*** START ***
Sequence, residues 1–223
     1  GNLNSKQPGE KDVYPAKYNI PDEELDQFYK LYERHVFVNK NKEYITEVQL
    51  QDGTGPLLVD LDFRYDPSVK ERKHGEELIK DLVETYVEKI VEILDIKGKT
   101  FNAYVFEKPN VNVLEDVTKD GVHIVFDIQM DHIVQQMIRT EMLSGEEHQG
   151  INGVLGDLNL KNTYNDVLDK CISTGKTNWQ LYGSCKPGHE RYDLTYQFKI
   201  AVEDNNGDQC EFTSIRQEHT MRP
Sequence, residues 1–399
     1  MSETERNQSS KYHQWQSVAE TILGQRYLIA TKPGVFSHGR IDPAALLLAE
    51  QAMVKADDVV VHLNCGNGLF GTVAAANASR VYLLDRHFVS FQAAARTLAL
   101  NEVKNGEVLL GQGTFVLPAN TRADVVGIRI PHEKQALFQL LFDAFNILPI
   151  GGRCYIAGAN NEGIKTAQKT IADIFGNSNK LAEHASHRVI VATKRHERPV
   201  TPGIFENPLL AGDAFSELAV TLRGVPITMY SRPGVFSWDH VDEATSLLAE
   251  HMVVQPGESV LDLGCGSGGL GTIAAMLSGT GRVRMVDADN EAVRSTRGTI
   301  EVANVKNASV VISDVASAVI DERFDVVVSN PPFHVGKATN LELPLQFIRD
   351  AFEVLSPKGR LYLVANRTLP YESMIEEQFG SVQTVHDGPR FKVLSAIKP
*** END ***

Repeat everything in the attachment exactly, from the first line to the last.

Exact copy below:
Sequence, residues 1–223
     1  GNLNSKQPGE KDVYPAKYNI PDEELDQFYK LYERHVFVNK NKEYITEVQL
    51  QDGTGPLLVD LDFRYDPSVK ERKHGEELIK DLVETYVEKI VEILDIKGKT
   101  FNAYVFEKPN VNVLEDVTKD GVHIVFDIQM DHIVQQMIRT EMLSGEEHQG
   151  INGVLGDLNL KNTYNDVLDK CISTGKTNWQ LYGSCKPGHE RYDLTYQFKI
   201  AVEDNNGDQC EFTSIRQEHT MRP
Sequence, residues 1–399
     1  MSETERNQSS KYHQWQSVAE TILGQRYLIA TKPGVFSHGR IDPAALLLAE
    51  QAMVKADDVV VHLNCGNGLF GTVAAANASR VYLLDRHFVS FQAAARTLAL
   101  NEVKNGEVLL GQGTFVLPAN TRADVVGIRI PHEKQALFQL LFDAFNILPI
   151  GGRCYIAGAN NEGIKTAQKT IADIFGNSNK LAEHASHRVI VATKRHERPV
   201  TPGIFENPLL AGDAFSELAV TLRGVPITMY SRPGVFSWDH VDEATSLLAE
   251  HMVVQPGESV LDLGCGSGGL GTIAAMLSGT GRVRMVDADN EAVRSTRGTI
   301  EVANVKNASV VISDVASAVI DERFDVVVSN PPFHVGKATN LELPLQFIRD
   351  AFEVLSPKGR LYLVANRTLP YESMIEEQFG SVQTVHDGPR FKVLSAIKP